From "Every Day Life in the Colonies" by G.L. Stone and M.G. Fickett.
It was a warm and pleasant Saturday — that twenty-third of December, 1620. The winter wind had blown itself away in the storm of the day before, and the air was clear and balmy. The people on board the Mayflower were glad of the pleasant day. It was three long months since they had started from
, in Plymouth , to seek a home across the ocean. Now
they had come into a harbor that they named New Plymouth, in the country of England New England.
Other people called these voyagers Pilgrims, which means wanderers. A long while before, the Pilgrims had lived in
; later they made their home with
the Dutch in England ; finally they had said goodbye to
their friends in Holland and in Holland , and had sailed away to England . America
There were only one hundred and two of the Pilgrims on the Mayflower, but they were brave and strong and full of hope. Now the Mayflower was the only home they had; yet if this weather lasted they might soon have warm log-cabins to live in. This very afternoon the men had gone ashore to cut down the large trees.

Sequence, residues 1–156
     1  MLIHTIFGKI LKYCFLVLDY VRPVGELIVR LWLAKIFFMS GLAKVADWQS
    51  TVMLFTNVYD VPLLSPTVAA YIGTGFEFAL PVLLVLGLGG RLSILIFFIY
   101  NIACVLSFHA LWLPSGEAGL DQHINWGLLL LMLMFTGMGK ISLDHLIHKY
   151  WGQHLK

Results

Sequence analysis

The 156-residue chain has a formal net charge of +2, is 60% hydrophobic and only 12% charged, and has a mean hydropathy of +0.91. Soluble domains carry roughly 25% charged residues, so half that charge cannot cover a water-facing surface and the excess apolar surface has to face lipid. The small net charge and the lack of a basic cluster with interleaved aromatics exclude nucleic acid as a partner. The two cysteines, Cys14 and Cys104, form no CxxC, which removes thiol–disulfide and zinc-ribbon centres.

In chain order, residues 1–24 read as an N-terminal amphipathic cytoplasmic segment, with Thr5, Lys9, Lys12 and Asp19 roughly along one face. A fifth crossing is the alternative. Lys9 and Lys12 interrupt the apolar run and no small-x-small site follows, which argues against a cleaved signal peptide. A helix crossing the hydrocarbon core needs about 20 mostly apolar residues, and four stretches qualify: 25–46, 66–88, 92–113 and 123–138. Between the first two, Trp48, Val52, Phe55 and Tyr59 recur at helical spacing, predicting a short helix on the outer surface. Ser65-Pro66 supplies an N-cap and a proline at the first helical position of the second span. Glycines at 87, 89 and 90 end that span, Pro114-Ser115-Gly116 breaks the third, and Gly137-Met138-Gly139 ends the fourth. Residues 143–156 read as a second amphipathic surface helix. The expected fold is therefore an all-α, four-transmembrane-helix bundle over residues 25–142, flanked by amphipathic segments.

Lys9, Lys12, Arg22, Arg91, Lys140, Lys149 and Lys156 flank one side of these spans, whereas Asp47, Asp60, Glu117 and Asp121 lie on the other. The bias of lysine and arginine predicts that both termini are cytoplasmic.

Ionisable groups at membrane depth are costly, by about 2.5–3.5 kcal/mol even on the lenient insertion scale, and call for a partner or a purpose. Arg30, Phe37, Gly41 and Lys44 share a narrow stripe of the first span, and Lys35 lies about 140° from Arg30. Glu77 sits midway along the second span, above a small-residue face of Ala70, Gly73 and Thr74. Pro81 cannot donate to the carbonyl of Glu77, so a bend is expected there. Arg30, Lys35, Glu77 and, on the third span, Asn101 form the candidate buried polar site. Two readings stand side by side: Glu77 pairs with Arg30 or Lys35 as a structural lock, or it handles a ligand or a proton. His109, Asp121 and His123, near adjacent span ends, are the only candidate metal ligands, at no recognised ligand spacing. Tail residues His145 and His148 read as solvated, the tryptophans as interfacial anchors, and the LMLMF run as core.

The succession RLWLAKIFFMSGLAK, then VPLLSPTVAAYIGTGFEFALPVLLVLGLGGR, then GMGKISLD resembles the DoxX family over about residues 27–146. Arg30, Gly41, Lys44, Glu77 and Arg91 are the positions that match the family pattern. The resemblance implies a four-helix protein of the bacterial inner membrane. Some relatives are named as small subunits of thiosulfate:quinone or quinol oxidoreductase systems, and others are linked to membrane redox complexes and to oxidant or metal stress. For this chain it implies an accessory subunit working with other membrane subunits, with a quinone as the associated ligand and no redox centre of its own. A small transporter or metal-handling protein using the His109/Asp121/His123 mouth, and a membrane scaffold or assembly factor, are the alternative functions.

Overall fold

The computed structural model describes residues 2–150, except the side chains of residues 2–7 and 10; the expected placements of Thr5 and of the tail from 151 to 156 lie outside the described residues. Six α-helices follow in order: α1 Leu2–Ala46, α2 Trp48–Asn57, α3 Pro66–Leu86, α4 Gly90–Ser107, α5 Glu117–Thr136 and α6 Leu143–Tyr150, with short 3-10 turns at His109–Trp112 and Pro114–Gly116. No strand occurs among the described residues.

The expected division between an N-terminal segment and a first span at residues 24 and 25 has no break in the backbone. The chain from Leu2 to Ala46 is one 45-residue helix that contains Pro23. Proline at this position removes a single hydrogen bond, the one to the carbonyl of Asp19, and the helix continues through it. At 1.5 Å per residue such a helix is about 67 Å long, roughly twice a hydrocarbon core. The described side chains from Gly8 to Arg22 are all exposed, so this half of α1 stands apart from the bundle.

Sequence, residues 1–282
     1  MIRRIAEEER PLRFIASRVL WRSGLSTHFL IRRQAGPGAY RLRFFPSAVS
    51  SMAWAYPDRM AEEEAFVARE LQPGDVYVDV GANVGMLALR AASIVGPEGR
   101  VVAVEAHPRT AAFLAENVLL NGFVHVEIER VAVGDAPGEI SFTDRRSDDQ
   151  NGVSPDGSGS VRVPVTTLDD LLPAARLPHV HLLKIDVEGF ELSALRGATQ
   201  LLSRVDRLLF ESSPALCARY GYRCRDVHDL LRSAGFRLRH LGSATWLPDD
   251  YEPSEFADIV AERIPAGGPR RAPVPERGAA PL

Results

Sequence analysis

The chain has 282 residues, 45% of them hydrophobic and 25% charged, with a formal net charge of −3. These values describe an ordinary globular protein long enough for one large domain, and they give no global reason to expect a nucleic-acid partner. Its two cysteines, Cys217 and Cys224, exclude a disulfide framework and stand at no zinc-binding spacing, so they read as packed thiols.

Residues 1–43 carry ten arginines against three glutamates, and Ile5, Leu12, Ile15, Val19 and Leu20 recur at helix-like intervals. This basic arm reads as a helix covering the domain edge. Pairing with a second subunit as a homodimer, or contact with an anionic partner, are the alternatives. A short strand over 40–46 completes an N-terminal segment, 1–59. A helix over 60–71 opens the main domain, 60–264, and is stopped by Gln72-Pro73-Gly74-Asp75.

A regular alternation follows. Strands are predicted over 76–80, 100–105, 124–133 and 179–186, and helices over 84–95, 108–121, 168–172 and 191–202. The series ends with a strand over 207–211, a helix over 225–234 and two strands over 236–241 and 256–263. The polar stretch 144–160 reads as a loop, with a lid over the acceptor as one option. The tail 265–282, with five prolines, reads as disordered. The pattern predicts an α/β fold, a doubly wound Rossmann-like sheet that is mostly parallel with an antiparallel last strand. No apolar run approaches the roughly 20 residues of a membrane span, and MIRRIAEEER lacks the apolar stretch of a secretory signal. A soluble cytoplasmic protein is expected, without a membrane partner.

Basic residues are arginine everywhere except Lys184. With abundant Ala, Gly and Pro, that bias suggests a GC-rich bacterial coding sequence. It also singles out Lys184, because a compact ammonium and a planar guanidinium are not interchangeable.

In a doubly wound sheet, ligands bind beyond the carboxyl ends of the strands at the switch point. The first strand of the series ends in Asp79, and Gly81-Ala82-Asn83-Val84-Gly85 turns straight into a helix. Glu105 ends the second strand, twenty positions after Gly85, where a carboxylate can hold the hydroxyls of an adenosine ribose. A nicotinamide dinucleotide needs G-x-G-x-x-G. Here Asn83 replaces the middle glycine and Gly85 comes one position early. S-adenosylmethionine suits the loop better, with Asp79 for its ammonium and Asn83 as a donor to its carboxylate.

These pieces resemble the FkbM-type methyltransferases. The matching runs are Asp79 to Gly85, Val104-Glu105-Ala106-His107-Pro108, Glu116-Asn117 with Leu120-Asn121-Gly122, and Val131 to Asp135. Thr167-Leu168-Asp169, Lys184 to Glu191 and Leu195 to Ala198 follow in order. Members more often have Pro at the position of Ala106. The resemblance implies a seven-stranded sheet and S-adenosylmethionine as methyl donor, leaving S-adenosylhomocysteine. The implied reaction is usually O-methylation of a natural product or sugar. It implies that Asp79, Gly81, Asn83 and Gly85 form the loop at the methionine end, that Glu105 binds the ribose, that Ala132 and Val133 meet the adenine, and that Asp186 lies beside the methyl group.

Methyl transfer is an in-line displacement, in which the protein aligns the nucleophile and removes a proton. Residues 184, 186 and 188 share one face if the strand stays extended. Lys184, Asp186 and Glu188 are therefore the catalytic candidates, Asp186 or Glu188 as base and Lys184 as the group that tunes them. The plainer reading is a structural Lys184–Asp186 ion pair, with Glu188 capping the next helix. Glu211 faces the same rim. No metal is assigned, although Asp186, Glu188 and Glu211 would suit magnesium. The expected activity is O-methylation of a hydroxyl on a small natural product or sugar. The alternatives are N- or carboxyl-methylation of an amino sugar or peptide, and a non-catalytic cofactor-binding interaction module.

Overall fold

The women of the Mayflower were busy, too. Some were spinning, some knitting, some sewing. It was so bright and pleasant that Mistress Rose Standish had taken out her knitting and had gone to sit a little while on deck. She was too weak to face rough weather, and she wanted to enjoy the warm sunshine and the clear salt air. By her side was Mistress Brewster, the minister's wife. Everybody loved Mistress Standish and Mistress Brewster, for neither of them ever spoke unkindly.
The air on deck would have been warm even on a colder day, for in one corner a bright fire was burning. It would seem strange now, would it not, to see a fire on the deck of a vessel? But in those days, when the weather was pleasant, people on shipboard did their cooking on deck.
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